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When making decisions about whether or not two types are compatible for assignment, Dana considers type equivalence at a structural level and ignores semantics. The following two types are therefore compatible in Dana's type system:

data Person {
    char name[]
    int age
    }
data Address {
    char streetName[]
    int houseNumber
    }

Because there is no structural difference between these two types (they both have a character array field followed by an integer field) Dana considers them equivalent and compatible for inter-assignment. The same type compatibility rules apply to interface types. This leaves the programmer free to decide what semantic type equivalence (for example the names of types) means in their context.

Under these rules, note that the “packages” in which interfaces appear are purely a programmer-level semantic annotation that is not relevant to the language in determining compatibility.Inter-type assigns and hastype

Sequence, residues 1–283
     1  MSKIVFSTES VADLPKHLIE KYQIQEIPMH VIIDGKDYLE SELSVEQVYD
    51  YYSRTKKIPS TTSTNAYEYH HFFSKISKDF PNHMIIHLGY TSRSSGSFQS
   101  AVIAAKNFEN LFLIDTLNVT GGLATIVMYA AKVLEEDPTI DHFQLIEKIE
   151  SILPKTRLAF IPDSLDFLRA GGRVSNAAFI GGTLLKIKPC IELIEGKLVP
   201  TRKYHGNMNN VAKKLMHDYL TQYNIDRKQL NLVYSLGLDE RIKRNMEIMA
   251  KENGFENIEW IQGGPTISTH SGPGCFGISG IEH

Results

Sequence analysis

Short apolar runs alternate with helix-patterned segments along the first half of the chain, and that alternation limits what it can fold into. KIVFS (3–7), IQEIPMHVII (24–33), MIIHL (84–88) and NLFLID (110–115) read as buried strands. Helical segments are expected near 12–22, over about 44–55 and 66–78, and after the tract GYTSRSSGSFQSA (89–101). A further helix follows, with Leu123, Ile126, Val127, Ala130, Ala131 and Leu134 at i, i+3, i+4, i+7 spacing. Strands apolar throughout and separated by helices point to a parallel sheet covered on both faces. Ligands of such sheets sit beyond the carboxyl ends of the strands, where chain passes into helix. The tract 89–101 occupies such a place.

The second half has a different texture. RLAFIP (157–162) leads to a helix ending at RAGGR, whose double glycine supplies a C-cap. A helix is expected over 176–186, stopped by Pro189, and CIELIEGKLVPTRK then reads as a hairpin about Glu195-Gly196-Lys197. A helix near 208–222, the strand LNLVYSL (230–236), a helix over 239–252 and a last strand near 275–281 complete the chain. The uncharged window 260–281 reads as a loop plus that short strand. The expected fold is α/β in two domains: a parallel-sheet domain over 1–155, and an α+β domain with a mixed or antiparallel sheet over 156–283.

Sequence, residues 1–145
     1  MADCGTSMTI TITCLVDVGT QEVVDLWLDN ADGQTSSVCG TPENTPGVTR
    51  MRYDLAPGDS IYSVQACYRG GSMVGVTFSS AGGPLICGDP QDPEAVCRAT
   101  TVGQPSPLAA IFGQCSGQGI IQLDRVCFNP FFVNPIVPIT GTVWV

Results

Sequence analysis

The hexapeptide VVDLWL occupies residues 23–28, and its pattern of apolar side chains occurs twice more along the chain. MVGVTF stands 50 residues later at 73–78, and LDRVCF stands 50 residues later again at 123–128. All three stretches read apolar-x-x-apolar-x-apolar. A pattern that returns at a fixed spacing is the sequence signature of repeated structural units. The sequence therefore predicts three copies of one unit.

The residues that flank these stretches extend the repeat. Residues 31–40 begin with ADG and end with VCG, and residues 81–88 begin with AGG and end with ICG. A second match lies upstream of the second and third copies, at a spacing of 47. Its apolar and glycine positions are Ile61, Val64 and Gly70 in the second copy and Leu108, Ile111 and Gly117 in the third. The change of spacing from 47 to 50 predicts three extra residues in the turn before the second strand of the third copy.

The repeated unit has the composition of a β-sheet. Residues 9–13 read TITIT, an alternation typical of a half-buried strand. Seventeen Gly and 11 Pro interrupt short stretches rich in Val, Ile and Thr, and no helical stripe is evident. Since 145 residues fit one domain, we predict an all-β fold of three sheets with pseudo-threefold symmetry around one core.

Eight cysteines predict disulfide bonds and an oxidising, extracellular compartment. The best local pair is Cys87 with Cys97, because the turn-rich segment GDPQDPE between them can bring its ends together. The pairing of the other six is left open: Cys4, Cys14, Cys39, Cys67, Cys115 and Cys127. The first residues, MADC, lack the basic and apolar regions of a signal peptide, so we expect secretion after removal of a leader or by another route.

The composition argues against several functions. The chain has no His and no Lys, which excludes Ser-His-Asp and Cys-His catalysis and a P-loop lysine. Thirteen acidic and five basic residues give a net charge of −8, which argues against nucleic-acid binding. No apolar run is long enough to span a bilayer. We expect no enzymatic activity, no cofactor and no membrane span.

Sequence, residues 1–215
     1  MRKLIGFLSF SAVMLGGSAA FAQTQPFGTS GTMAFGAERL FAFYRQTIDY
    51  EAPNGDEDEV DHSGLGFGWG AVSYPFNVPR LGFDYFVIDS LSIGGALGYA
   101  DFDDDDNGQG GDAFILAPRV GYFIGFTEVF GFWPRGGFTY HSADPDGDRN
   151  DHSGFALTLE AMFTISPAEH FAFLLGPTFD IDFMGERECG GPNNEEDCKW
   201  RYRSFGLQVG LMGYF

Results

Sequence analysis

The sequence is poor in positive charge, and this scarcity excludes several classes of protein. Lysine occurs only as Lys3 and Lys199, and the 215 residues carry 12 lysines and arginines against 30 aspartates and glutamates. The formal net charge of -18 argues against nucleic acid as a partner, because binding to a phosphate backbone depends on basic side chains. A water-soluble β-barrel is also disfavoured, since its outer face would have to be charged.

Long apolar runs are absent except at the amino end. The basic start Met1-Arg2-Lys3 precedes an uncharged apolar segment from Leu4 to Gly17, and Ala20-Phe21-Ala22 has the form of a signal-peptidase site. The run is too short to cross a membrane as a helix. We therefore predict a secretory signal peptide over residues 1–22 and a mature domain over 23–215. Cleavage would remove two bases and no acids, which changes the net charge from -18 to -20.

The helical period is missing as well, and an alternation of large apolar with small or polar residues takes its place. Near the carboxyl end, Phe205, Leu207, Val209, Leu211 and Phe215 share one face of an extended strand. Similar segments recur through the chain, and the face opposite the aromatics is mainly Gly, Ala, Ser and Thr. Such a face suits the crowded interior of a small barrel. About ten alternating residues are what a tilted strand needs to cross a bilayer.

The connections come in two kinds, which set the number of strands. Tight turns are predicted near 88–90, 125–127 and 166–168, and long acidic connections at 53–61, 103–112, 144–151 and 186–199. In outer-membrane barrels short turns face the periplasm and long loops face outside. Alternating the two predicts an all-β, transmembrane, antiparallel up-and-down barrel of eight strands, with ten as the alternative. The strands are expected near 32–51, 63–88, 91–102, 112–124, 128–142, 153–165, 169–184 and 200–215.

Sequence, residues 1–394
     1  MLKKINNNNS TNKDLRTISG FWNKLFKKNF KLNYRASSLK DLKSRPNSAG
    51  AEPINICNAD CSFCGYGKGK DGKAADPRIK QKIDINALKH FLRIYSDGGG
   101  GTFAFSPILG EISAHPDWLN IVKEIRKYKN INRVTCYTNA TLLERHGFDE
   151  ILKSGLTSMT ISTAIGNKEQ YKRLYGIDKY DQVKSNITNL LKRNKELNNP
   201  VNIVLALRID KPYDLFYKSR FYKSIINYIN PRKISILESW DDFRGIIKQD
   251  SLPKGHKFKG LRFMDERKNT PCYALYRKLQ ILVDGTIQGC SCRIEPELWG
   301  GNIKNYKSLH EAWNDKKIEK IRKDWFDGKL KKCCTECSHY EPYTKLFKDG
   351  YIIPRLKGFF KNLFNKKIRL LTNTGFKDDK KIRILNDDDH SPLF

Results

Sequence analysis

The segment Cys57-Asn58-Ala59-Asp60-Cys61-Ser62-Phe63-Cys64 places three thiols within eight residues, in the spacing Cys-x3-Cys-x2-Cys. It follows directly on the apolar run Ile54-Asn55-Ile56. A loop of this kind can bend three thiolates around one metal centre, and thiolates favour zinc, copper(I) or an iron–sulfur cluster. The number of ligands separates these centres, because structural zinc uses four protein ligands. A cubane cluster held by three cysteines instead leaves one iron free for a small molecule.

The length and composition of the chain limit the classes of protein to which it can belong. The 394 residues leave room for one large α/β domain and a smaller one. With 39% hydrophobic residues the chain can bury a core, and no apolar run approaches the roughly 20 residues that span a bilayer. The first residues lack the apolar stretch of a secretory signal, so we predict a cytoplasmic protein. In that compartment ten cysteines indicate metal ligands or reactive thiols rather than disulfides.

As with other modern systems programming languages, Dana does not support an explicit cast operator. However, compatible types can be assigned as part of a regular assignment operation, for example:

String a = new String("Hi")
Data b = a
String c = b

You can query at runtime whether or not a given type has a particular sub-type identity by using the hastype operator. As an example, consider a function that receives an Object instance as a parameter. We can then use hastype to determine whether or not this Object is structurally equivalent to a File type and then call File operations on it:

void function(Object o)
    {
    if (o hastype File)
        {
        File f = o
        char buf[] = f.read(64)
        }
    }